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Muscles - developmental approach

Other Terms: Body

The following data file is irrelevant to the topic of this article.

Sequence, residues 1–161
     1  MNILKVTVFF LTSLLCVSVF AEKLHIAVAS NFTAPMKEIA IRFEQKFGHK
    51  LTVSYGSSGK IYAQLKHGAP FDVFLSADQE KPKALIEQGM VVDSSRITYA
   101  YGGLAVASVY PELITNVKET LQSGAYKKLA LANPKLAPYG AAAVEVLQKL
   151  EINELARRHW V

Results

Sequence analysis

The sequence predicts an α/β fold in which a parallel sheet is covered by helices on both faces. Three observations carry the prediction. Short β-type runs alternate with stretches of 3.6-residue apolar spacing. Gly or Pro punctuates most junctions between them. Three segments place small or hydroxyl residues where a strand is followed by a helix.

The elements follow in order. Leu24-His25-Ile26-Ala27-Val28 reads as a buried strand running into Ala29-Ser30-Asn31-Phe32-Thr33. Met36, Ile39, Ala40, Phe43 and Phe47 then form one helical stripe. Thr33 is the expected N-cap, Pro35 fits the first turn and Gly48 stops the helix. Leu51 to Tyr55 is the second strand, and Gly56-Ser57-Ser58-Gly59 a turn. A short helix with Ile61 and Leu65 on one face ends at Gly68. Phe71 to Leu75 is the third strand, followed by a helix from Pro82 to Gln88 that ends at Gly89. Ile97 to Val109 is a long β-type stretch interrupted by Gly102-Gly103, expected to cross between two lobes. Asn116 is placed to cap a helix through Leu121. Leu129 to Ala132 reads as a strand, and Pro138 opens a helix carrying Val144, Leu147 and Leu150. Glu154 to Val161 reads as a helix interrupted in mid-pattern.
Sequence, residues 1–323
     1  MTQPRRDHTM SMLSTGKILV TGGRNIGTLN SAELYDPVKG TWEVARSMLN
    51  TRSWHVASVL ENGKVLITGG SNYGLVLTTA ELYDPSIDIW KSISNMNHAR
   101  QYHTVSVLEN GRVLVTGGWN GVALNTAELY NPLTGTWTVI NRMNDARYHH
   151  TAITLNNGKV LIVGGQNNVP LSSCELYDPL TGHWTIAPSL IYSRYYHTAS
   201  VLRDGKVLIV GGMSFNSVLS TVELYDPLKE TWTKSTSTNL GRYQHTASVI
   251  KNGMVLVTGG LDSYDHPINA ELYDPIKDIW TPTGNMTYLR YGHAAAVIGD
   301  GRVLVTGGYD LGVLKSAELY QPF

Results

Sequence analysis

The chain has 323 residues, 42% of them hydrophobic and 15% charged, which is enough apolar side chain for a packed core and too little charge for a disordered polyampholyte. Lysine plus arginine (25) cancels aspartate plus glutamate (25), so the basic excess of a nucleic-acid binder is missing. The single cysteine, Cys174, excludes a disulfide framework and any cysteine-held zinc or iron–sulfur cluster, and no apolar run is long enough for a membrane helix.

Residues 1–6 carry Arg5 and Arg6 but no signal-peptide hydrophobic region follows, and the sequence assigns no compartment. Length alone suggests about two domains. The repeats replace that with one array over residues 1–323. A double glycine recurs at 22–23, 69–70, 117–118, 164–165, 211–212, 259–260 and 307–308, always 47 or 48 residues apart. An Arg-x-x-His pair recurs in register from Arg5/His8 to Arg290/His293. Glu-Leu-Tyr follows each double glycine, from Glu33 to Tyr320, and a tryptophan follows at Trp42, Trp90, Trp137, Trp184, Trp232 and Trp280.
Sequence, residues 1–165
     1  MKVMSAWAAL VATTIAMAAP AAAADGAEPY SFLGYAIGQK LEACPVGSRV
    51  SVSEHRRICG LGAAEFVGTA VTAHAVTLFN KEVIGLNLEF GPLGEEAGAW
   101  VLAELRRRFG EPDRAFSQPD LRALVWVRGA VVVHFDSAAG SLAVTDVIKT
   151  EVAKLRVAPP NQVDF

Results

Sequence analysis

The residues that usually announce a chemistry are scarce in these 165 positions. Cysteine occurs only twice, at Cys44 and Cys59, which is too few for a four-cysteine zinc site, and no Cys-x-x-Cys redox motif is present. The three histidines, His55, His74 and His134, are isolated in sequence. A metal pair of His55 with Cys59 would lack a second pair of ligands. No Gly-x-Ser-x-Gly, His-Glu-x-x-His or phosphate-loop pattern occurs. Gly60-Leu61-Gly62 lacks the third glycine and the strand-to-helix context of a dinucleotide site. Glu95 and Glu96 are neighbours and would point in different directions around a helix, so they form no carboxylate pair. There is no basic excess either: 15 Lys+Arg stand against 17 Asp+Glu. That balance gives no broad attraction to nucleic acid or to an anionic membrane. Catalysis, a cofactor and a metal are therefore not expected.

Muscles and their associated tendons come in a wide variety of shapes and sizes. The different shapes and sizes coupled with the relationships they form with one another, with the skeleton, and at the joints they cross create the large variety of musculoskeletal action that is such an integral part of the body’s function. It is also from the differences in shape and size that muscles derive their names. When the early anatomists began naming muscles they used a logical, descriptive approach. Understanding the logic behind the name can help you learn about the muscle. The characteristic features of a muscle name include adjectives and genitives that modify the noun muscle. Keep in mind that the full name of any muscle of the body begins with musculus, a masculine noun. The English language has dropped this from common usage and allows the adjective and the genitive that describe the muscle to stand alone as the English noun. For example, musculus latissimus dorsi becomes the latissimus dorsi muscle, which we often just refer to as the latissimus dorsi. Muscles were originally named by describing their various characteristics: shape, size, location, or actions. An analysis of the name musculus latissimus dorsi reveals the following: musculus = muscle the noun being described; latissimus = broadest adjective describing the noun; dorsi = of the back genitive form of dorsum referring to the part of the body where the muscle is located; Therefore, musculus latissimus dorsi literally means the broadest muscle of the back, which is an apt description of this large, flat sheet of muscle on the dorsal surface of the trunk. Using this etymological approach makes it possible to associate the somewhat foreign muscle names to terms that are more familiar, thus enhancing the memorization process through learning by association, a proven memory technique. The text associated with each muscle will assist you with this learning process. The tendinous attachments of muscles to bones, fascial connective tissues, or the integument are typically referred to as the origins and insertions of the muscles. This basic terminology is an attempt to distinguish the more stable end of a muscle from the more mobile end. When the cells of the muscle belly contract, they generate a tensile force that is transferred to the surrounding connective tissues of the muscle. This force is transferred through the muscle tendon to the bone. This muscle activity will typically produce a movement of the bone at one end of the muscle and not the other. The attachment site that does not typically move is the origin and the moveable attachment site is the insertion. Origins and insertions are most easily determined in the limbs where the origin is the proximal (stable) attachment and the insertion is the distal (mobile) attachment. Realize, however, that by stabilizing the insertion the origin can become the mobile end, but for most typical movements the typical logic of origin and insertion will apply. It is also important to understand that in many introductory anatomy texts muscle descriptions predominantly describe the muscle’s attachments to boney surfaces. While bones are the prominent attachment sites of most muscles, they are not the sole sites. Anyone who has studied muscles via dissection will quickly recognize that muscles form extensive attachments with surrounding fascial connective tissues in addition to neighboring bones. Sometimes this can become important knowledge for the assessment of muscle injury. In this software there are three levels of textual information to choose from, depending on your level of knowledge. Choose the level of muscle knowledge that best fits your needs. For a simple survey of muscle attachments, as well as other muscle information, select the beginner level. For more detailed information select the intermediate or advanced levels. In the study of muscles, it is common to describe the actions that individual muscles produce at their associated joints. While in principle it is important to recognize the movements muscles produce at the joints they cross, in reality it is important to realize that muscles do not work in isolation. Sometimes the movements attributed to a muscle are only possible for a certain range of the joint’s movement, or in combination with other muscles. Again, the program allows you to choose the level of muscle action detail that fits your learning requirements. The beginning level of text describes the primary movements produced at joints when the muscle contracts. The intermediate and advanced levels present more comprehensive information on muscle function. Each of the movements that occur at the different joints in the body have one or more muscles that produce the movements. The primary muscles responsible for a joint movement are called the prime movers. For example, the prime movers for elbow flexion are the brachialis and the biceps brachii muscles. When these muscles contract they flex, or bend, the elbow joint. You should also realize that for every joint movement there is an opposing movement. The muscles that work against the prime movers to produce an opposing movement are called antagonist muscles (anti means against and ergos means to work). For prime movers to work optimally the antagonist muscles must be relaxed. An antagonist to the brachialis and biceps brachii muscles is the strong triceps brachii on the posterior side of the arm. The triceps brachii muscle, whose prime movement is elbow extension, works against the brachialis and biceps brachii muscles. In order to produce the full range of elbow flexion, the triceps must be relaxed so that the biceps and brachialis can fully contract to flex the arm. Two additional terms used in the study of muscle action are synergist, meaning to work with or together, and fixator. These terms describe muscles that work as stabilizers of other joints, or work to eliminate actions at joints so that the prime movers can work optimally. If you look once again at the elbow joint, you can see examples of synergists and fixators. As an example, in order for the elbow to flex and lift a heavy weight that is held in the hands, the shoulder joint and wrist joint must be fixed into static positions. The antagonistic muscles around these joints must contract simultaneously, acting as fixators, to keep these joints from moving. Strong synergistic actions are occurring in the hand to allow the flexors to flex the fingers but not the wrist. As the example illustrates, it is important to recognize that even the simplest movements require the coordinated action of many muscles. One additional pedagogical feature used throughout this software is the organization of the muscles into developmental groups. This developmental grouping approach is significant because muscles that share a common embryonic origin share many things in common. Muscles with a shared developmental history, share a common areas of attachment, common actions, common nerve supply, and common blood supply. Grouping things in this way makes the learning process much easier. However, the versatility of the software also allows you to take a more traditional regional approach to the study of muscles. This approach allows you to study muscles that occupy similar regional positions in the body; for example, the muscles of the neck or muscles of the back. While this approach does not allow you to associate muscles that share common features, it does let you look at relationships of muscles in the various regions of the body.